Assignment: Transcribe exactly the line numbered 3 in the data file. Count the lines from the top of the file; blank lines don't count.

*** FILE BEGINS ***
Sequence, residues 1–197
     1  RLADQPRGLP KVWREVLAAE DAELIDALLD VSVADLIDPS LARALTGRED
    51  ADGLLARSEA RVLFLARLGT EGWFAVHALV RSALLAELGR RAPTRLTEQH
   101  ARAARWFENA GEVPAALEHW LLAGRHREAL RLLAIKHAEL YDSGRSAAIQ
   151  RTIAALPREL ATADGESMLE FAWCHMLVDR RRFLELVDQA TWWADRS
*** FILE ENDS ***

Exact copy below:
    51  ADGLLARSEA RVLFLARLGT EGWFAVHALV RSALLAELGR RAPTRLTEQH